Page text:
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The Carletonian

Facilities to construct geothermal wells

<rting next summer, Carleton will begin construction to transition the steam heating system it currently uses to a hot water based one.

The project will involve installing underground geothermal pumps under the Bald Spot, the Mini Bald Spot and Bell Field, which will be able to support both the heating and cooling systems. In the current steam heating system, natural gas creates steam, which is piped to campus buildings to heat water in radiators.

In the new system, however, only water will be used, making it much more efficient. When water is not used, it will be stored in the geothermal wells, where the temperature of the Earth, around 50˚ Fahrenheit, will naturally heat or cool the water.

According to Martha Larson, Manager of Campus Energy and Sustainability, the new system, once completed, will save 30 to 40 percent  on operating costs and reduce carbon emissions by over 35 percent. Because the new system does not require that water be heated up as much as in the steam-based system, less energy is needed to operate it and this energy can be produced in more efficient ways.

“With steam, really your only option is burning a high heat content fuel like coal, natural gas or oil, whereas with hot water you can use other things” Larson said. “You can use geothermal, which is what we’re going to do. You can also use solarthermal; we will tie the Cassat-James solarthermal panels into the system and any other future technologies are more likely to work with this system.”

“The addition of the geothermal, or ground source heat pump, system allows us to use the underground as a heat source in the winter and a heat sink in the summer,” said Professor of Geology Mary Savina. “Rather than actively using energy to make things hotter or cooler, this system is less energy intensive.”

Larson also said that the new system will make use of water more efficient.

“The cool thing about that is now that we have a water loop on the heating side, it can communicate with the water loop for our cooling side,” she said. “Our cooling system has always been chilled water, but now, when we have to eject or reject heat from the chilled water to make it colder, we can move that heat right into the hot water side and reuse it.”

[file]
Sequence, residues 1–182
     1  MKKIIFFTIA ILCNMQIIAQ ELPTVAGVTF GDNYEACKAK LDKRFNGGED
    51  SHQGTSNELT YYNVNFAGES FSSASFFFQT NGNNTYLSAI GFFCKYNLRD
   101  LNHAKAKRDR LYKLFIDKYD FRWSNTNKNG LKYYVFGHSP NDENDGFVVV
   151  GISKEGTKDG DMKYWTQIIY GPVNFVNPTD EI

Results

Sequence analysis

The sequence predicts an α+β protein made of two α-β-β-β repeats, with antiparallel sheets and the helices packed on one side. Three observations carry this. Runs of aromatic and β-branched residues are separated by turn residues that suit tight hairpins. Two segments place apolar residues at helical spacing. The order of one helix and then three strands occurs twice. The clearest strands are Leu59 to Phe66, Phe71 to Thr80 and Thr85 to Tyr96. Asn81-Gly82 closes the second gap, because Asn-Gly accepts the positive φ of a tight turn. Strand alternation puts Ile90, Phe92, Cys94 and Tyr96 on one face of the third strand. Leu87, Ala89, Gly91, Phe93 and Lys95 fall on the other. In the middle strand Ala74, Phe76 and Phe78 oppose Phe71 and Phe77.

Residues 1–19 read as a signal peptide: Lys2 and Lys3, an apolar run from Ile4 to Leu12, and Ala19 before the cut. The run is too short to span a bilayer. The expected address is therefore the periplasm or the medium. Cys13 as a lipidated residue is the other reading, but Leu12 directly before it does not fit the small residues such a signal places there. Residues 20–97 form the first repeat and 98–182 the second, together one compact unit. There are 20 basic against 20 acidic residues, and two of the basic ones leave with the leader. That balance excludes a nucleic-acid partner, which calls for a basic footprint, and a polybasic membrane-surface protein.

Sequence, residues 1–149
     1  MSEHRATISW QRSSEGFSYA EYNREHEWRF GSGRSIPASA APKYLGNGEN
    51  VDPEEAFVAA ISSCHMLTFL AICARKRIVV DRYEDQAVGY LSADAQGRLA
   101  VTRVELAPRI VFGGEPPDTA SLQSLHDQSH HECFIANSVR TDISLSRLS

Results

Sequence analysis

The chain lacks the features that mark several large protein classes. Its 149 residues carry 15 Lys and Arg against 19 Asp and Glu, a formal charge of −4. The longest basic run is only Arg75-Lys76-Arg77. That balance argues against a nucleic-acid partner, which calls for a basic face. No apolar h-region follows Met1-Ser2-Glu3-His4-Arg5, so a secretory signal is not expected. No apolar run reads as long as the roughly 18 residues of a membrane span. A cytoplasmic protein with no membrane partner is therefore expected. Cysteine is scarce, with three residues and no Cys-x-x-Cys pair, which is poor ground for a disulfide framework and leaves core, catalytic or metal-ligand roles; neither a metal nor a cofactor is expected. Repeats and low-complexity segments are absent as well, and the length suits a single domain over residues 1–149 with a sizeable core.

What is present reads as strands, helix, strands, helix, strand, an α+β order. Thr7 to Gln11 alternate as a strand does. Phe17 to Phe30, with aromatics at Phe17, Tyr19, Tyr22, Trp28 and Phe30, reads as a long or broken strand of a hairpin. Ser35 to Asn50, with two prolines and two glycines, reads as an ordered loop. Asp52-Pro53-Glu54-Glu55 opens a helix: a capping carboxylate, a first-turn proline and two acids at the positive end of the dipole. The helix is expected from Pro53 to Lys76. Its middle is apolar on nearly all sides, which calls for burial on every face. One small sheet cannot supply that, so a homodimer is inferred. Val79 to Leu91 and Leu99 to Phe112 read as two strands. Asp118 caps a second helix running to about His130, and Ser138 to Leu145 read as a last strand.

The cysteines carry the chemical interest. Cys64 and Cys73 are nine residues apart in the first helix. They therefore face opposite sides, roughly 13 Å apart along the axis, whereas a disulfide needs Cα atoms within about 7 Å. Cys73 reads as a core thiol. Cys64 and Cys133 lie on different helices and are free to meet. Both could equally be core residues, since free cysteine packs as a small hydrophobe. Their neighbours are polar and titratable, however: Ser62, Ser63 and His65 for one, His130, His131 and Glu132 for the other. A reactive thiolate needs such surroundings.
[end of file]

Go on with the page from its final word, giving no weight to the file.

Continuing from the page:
Larson said that this new efficiency fits into the Climate Action Plan, which mandates that Carleton will go net carbon neutral by 2050.
“We see it as a combination of us reducing our emissions, like we are with this plant, and us buying carbon offsets,” she said.

The geology department has been involved in the planning of the heat pumps. In Savina’s Introduction to Geology class, students analyzed where heat pumps could be placed on campus. Geology professors have also advised Facilities on specific geologic and hydrologic conditions. According to Larson, Facilities even used a 1981 Comps project by Sarah Godfrey ’81 that documented the geology of a boring done in the Cowling tunnel.
Going forward, Savina said that the geology department will have the opportunity to take advantage of the heat pumps.

“We will have opportunities to monitor how well the system functions, how it is affected by the geologic and hydrologic setting and many other things,” Savina said. “I envision projects for both introductory geology classes and for hydrology as the project moves forward. One of the pleasures of teaching at Carleton is the opportunity to have students work on projects that help the campus and larger community, while at the same time helping students learn methods and content appropriate to the course.”

According to Director of Facilities Steven Spehn, the new system will be installed over four years, with work being done only in the summer because construction can only happen when heat is not in use. The construction will also happen in tandem with the new science complex, which will house a sub-basement satellite plant that will contain geothermal heat pumps.

Spehn said that along with the construction of the geothermal wells, work will have to be done on all campus buildings to convert them to the new hot water system.

“When we convert from steam to hot water, we have to make mechanical conversions inside the buildings, and some are more involved than others,” Spehn said.

This summer, Spehn said, work will begin to drill wells on Bell Field and the mini Bald Spot, and mechanical conversions will be done in Myers, Evans, Cassat and James.

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